Final point that I want to share is Frankel’s suggestion that art and cultural artefacts should have a much larger role to play in clinical work with adolescents. In connection to the idea that inhibitory forces must be engaged with adolescents having a particularly difficult time, Frankel writes that: ‘The inhibition of action produces imagination. Experiencing an inhibition is feeling into the imaginative pattern that contains the impulse towards action. Engaging an instinctual impulse imaginally, feeling where it is rooted in the body, may reduce the need literally to take action. Thus imagination is one of the most effective tools we have in working with adolescents who are prone to impulsive behaviour.’ (169) In order to connect meaningfully with adolescents, we must be prepared to meet them on their own level, which might not necessarily be the ‘literal’ adult world. We must instead stay empathetically attuned to the deeper meanings in their narratives – and art might provide that fruitful meeting-ground.
If a book had the power to redeem 2020 for me, this one would be it. It’s so refreshing to read a book that manages to change your mindset or show you old things in a new and surprising way, and this one succeeds at both. At the same time, the book gave form and substance to ideas that had been floating around my mind since my disillusionment with psychology (as it is typically taught) during my undergraduate degree and beyond. It reminded me of one of my favourite quotes of Montaigne: ‘We are all patchwork, and so shapeless and diverse in composition that each bit, each moment, plays its own game.’
James Hillman was a psychologist and Jungian psychotherapist who founded the movement of ‘archetypal psychology’. The approach is an invigorating blend of philosophy, religion, myth, art, history, classicism, literature, depth psychology, rhetoric, and more…
The general idea of the book – if it could be summarised easily, which it cannot – is that we humans are both myth-makers and made-by-myths. There is not one ‘I’ within us that directs and controls us, nor something so coherent as an ‘ego’ à la Freud. Hillman complains that ‘diversification of personality, and its differentiation and vivification have been suppressed. “Integration of personality” has become the moral task of psychotherapeutics.’ (2) Instead, we are better thought of as a composite of various mythical archetypes or Gods that have been carried through culture down the ages, and at times we are led by some more than others. Some situations call for certain Gods rather than others, as all are characters each with their own strengths and weaknesses, and a distinct way-of-being. Before I go further, it is worth noting that none of this should be taken literally – literalism is one of the most insidious culprits that Hillman identifies as holding too much power in our era, and that is why he relies on the Ancient Greek mythical personas as the ‘archetypes’ that govern our soul. Hillman defines archetypes in a helpful way for those of us unfamiliar with Jung’s work, as ‘the deepest patterns of psychic functioning, the roots of the soul governing the perspectives we have of ourselves and the world.’ (xix).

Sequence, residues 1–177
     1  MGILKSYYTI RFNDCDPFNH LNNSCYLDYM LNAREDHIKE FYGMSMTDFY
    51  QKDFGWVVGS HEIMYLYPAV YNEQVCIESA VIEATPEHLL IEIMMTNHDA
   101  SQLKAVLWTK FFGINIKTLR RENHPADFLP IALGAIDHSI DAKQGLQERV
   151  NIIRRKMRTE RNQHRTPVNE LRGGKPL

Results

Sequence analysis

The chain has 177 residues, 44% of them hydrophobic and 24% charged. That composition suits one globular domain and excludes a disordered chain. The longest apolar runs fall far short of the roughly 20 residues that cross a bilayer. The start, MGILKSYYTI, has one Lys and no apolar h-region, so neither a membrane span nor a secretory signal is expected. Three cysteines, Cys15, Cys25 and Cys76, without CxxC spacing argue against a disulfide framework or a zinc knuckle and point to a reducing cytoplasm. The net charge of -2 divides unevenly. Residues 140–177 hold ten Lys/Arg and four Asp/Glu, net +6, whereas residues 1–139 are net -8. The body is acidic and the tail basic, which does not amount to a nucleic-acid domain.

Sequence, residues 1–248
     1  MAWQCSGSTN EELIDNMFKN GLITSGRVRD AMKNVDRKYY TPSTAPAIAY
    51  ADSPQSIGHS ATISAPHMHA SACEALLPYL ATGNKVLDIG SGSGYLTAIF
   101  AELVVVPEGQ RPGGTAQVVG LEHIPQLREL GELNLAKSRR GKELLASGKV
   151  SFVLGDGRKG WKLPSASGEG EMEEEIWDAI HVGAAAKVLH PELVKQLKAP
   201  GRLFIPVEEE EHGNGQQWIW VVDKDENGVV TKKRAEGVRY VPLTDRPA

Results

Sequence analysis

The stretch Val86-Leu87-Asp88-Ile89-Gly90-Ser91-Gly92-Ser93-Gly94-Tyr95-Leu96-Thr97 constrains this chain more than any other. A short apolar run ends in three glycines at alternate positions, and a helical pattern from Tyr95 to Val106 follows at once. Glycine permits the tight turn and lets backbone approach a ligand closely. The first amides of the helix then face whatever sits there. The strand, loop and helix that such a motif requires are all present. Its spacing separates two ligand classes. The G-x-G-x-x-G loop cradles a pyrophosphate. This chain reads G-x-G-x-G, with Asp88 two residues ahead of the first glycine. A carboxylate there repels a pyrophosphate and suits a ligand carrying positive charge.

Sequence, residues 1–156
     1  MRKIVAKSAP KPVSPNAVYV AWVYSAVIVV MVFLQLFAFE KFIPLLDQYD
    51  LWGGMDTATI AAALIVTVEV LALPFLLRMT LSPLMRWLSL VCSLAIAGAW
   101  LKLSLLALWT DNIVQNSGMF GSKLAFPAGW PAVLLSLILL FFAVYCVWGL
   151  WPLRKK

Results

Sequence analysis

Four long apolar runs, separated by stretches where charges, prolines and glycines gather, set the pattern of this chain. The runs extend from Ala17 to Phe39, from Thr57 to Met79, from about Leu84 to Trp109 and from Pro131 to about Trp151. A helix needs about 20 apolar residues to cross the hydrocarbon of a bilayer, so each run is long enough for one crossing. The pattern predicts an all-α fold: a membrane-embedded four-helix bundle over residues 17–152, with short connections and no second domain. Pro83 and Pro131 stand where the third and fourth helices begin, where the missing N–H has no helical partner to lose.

For psychology to return to ‘the soul’, we must remain cognizant of the power each of these various Gods holds within ourselves and allow each space to exist freely, and in relation with the others. That is the benefit of both dreams and pathologies, both give voice to the characters that typically we may suppress when we aim for an integrated (but false) ‘wholeness’ under the ego or subjective ‘I’. I found this idea hugely liberating, and therapeutic in itself somehow. Thinking of our psychopathologies as means through which our internal ‘Gods’ are communicating with us to alert us to some kind of mis-alignment either within ourselves, or between ourselves and our environment, felt novel and comforting. The idea lets us both try to cure or resolve the conflict while allowing us to accept it on its own terms. His own words capturing the role our psychopathologies play are more bombastic, which makes for far more exciting reading: ‘do not forgive me the means by which the divine powers connect and become real: my complexes, which are my sacrifices to these powers … Forgiveness of the confusions in which I am submerged, the wounds that give me eyes to see with, the errant and renegade in my behaviour, blots out the Gods’ main route of access.’ (186)
Hillman’s approach in general also aligned with my feeling that psychology as a discipline had lost some of the creativity that is necessary to capture the immense complexity and richness that each of us hold within us. That was precisely why I turned to studying literature at postgraduate level after my undergraduate degree in psychology – and I was unsurprised to find that Hillman too had an academic background in literature. But literature and the arts are by no means the only disciplines that can enrich psychology, psychology can only gain by incorporating concepts and approaches from other disciplines, if only because humans (with other interests) are its subject.